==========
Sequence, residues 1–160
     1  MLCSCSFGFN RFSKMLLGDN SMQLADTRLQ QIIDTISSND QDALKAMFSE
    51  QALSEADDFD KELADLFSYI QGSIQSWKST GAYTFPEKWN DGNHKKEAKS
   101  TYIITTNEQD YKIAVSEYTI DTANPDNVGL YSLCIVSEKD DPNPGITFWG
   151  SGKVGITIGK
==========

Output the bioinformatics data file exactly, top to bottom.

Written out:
Sequence, residues 1–160
     1  MLCSCSFGFN RFSKMLLGDN SMQLADTRLQ QIIDTISSND QDALKAMFSE
    51  QALSEADDFD KELADLFSYI QGSIQSWKST GAYTFPEKWN DGNHKKEAKS
   101  TYIITTNEQD YKIAVSEYTI DTANPDNVGL YSLCIVSEKD DPNPGITFWG
   151  SGKVGITIGK